What to Know About Working as a Pediatric Nurse

by NurseJournal Staff
• 3 min read
What to Know About Working as a Pediatric Nurse

Working as a pediatric nurse means you can change a child's entire life by providing care for them and by educating the family. Learn about the rewards and challenges of this demanding but fulfilling career from active pediatric nurse practitioners (NPs).

Why Choose a Career in Pediatric Nursing

Choosing pediatric nursing as a career is often a personal decision. Lisa Rinsdale, a board-certified pediatric primary care nurse practitioner, discovered pediatric nursing was her calling when she became a mother. She wanted to provide families with the same care that she and her family had received.

"I gained a great deal of knowledge at their wellness visits, and I could see myself in that role," says Rinsdale, DNP, PPCNP-BC.

Melanie Wilhelm, a board-certified pediatric nurse practitioner, was inspired by her own daughter's experience with severe asthma. This experience motivated her to help families raise happy, healthy children. Wilhelm also finds a special joy in treating children specifically.

"It is truly a gift to work with children," says Wilhelm, DNP, CPNP. "Their innocence and candor are refreshing."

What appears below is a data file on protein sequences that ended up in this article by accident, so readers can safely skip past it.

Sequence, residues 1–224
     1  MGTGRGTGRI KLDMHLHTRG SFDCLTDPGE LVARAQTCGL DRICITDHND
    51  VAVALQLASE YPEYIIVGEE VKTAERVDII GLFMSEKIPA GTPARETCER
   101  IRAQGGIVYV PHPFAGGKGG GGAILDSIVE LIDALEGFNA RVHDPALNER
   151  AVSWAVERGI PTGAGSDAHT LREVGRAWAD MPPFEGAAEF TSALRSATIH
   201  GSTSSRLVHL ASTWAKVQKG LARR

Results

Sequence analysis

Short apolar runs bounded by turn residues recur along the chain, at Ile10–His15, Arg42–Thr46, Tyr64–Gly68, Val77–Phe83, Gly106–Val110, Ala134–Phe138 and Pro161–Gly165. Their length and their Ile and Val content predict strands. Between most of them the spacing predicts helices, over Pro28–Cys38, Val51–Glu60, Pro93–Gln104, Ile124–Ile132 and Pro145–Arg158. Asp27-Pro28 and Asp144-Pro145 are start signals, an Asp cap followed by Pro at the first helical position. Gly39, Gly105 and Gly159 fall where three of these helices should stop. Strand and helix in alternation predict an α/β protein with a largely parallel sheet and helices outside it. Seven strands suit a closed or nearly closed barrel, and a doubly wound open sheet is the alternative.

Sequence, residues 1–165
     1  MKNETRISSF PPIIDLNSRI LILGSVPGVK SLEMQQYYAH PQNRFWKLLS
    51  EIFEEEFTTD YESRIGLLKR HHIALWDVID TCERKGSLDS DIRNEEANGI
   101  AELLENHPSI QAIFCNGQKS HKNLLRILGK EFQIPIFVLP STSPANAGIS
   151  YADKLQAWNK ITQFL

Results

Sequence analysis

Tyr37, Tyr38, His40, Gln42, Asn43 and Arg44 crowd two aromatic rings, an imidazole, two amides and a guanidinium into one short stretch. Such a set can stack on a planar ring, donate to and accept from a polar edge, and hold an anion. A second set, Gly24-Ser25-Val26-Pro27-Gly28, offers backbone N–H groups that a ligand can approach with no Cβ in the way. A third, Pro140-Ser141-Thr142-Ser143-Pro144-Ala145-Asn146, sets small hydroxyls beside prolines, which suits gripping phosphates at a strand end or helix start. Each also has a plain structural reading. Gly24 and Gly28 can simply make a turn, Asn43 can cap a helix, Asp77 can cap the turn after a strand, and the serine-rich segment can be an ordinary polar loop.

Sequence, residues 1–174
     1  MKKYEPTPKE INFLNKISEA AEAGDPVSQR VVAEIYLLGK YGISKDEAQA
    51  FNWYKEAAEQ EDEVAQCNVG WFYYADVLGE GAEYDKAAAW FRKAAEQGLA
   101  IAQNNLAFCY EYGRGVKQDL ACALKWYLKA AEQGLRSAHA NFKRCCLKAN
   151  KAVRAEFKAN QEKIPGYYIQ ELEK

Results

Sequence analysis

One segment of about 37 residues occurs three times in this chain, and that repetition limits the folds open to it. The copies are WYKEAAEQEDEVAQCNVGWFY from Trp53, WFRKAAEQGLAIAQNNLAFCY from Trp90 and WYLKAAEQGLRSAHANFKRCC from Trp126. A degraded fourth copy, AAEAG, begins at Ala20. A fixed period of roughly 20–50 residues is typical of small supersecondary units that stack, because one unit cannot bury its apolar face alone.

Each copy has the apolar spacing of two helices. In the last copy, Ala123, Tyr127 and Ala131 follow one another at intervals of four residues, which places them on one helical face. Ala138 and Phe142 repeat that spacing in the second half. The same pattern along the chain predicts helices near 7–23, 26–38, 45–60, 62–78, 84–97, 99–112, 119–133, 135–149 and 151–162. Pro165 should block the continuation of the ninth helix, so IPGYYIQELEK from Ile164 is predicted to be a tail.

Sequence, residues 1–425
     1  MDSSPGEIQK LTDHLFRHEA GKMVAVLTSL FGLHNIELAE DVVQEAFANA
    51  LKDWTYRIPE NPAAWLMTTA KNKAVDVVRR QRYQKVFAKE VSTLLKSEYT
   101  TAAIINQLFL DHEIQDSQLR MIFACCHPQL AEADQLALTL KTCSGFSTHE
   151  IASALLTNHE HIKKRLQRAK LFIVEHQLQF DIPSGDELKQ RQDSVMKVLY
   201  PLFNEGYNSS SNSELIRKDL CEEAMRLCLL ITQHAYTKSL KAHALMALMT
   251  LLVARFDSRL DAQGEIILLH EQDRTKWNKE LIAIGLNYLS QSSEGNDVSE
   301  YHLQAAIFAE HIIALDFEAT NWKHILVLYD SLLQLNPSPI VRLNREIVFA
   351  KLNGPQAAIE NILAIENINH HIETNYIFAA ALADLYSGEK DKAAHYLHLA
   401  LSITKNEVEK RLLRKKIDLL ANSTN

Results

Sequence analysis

What's It Like for Pediatric Nurses Working With Children?

Communicating with children is similar to communicating with adults, Rinsdale notes, but a different approach is necessary. With most adults it is easy to give them information and calm their fears. With children, you have to gain their trust.

"Working with children can be fun, but it can also be a team effort since you are essentially treating a family," Rinsdale explains. "Understanding, caring, and patience are probably the most important traits in being a pediatric healthcare provider. Children can be scared of the unknown or experiencing pain."

Wilhelm also emphasizes the importance of building trust with the entire family. "You must be patient, gentle, and kind to work in the field of pediatrics," Wilhelm adds. "It is important to be honest and trustworthy to build relationships with families as you provide healthcare for their children."

Challenges of Pediatric Nursing

It can be frustrating for a pediatric nurse to communicate with children, especially with very young children who can't understand what is happening. Children can struggle to describe their symptoms or understand that an uncomfortable treatment is going to help them.

"One challenging aspect of working as a pediatric NP is working with families that have a lot of social needs, whether that be due to poverty, a lack of education, or not receiving mental health intervention. It can be challenging to provide care that is equal when the family has access to fewer resources," Rinsdale notes.

Also, as legally mandated reporters, pediatric nurses must report potential child abuse, which can take a tremendous emotional toll.

Rewards of Pediatric Nursing

A pediatric nurse also provides health education that will benefit a child throughout their life. "It is most rewarding to watch a child that you have cared for since infancy grow up and become an amazing adult," Wilhelm says.